Deceptive departure

Laban’s sons moaned incessantly about Jacob gradually taking all their dad’s property and becoming unreasonably wealthy. Jacob overheard them talking and realized why the sudden change in Laban’s usual behavior toward him.

Jacob spent time meditating on what he should do.

Then God showed up. “Enough of this now,” God said. “Go back to your kin, and I’ll be with you as always.”

Jacob called his wives out to the field where he was watching the flocks and said, “You both know I’ve given your dad the best years of my life. He’s tried to embezzle wages from me ten times, but the God of my dad has kept that from happening. If your dad said he’d give me the spotted sheep in the fold, every flock would bear spotted sheep. If he promised me the striped, then suddenly striped sheep would come from the offspring. Little by little, this is how God has taken your dad’s livestock away, and now it’s become clear that I’ve overstayed my welcome.”

Rachel and Leah looked at each other. “Do we have any reason to stay?” Rachel asked.

“We’re considered strangers here since we were sold,” Leah said.

“And what inheritance comes from a man who’s lost everything,” Rachel added.

Then they turned to Jacob and spoke in unison. “Do what God says.”

Rachel returned to the main house, and while her dad was shearing sheep in the outbuilding, she went through each room and stole Laban’s household gods, his terephim, and wrapped them in cloth.

Without telling Laban of his plans to leave, Jacob packed his bags and all his belongings. In the morning, he and his family rode out on camels for the land of Canaan. Unbeknownst to Jacob, Laban’s stolen property lined the underside of Rachel’s saddle, wrapped in cheesecloth.

Inspiration: Genesis 31

Dueling tricksters

By the time Joseph was born, Jacob had had enough of the deceiver, Laban. “It’s time to free me from service and let me go to my own country,” Jacob grumbled. “Let me take my wives and children, whom I purchased with honest, hard work.”

“Allow me to say, if you will,” Laban answered, hoping to persuade him to stay, “you and I both know God has blessed me through you. If you agree to stay, I’ll pay you whatever wages you demand.”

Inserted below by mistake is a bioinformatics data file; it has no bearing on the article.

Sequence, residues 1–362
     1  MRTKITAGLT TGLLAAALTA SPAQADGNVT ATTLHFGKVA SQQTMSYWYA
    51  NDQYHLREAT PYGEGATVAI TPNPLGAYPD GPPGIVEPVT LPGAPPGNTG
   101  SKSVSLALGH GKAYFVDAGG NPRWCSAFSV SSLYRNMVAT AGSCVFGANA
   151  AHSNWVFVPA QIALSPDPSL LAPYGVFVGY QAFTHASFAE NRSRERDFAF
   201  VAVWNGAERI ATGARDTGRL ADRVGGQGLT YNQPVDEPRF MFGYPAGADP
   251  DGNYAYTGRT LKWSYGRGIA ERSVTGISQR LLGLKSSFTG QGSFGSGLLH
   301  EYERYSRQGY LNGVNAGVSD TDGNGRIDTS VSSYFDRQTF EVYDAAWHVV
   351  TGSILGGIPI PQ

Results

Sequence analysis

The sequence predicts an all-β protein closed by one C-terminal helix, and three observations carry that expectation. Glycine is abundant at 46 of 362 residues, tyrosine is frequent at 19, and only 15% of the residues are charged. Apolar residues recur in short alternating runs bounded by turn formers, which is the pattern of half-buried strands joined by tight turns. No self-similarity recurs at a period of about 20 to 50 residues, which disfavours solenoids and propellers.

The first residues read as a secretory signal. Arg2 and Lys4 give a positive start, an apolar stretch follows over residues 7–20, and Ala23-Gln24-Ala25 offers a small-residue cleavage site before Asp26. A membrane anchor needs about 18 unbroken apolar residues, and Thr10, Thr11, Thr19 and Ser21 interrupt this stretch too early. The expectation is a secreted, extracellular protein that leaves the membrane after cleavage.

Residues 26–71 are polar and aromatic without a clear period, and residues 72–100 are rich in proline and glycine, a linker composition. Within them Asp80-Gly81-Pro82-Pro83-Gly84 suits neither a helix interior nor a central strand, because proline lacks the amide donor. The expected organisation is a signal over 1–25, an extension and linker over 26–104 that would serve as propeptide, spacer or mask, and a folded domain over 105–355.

“A familiar offer, Uncle,” Jacob said. “But I wonder, are you capable of a good, clean deal?”

“You have my word.”

Laban’s word was worthless, but Jacob decided this might be his only opportunity to get the better of his employer.

“Do you admit that my service record is impeccable,” Jacob asked, “and that your livestock has fared well under my management?”

“Absolutely,” Laban agreed.

“Honestly, you were nothing before I came along, and now you thrive. God has blessed whatever I’ve touched.”

“Yes, Nephew, yes.”

“But how do you expect me to provide for both you and my growing household?”

“Name your price,” was Laban’s eager reply.

“Okay,” Jacob said. “Pay me nothing.”

“I don’t follow.” Laban was stumped.

“If you agree to my terms, I’ll keep feeding and protecting your flocks.”

“What do you have in mind?” Laban asked, feeling suddenly uneasy.

Jacob said, “Let me take all your blemished sheep and goats, and you can keep all the pure, white sheep. Only the marked animals will be mine. Further, I’ll insist that you inspect my wages with your own eyes so that my integrity isn’t questioned later. If you find among my flocks and herds a single animal without blemish, you can call me a thief.”

Laban was all too eager to agree to the deal, but before Jacob had a chance to sort all the animals, Laban removed every goat and lamb with the slightest mark and placed them in the care of his sons. Then he distanced those blemished flocks from the spotless flocks by a three-day journey. He put the rest in the care of Jacob.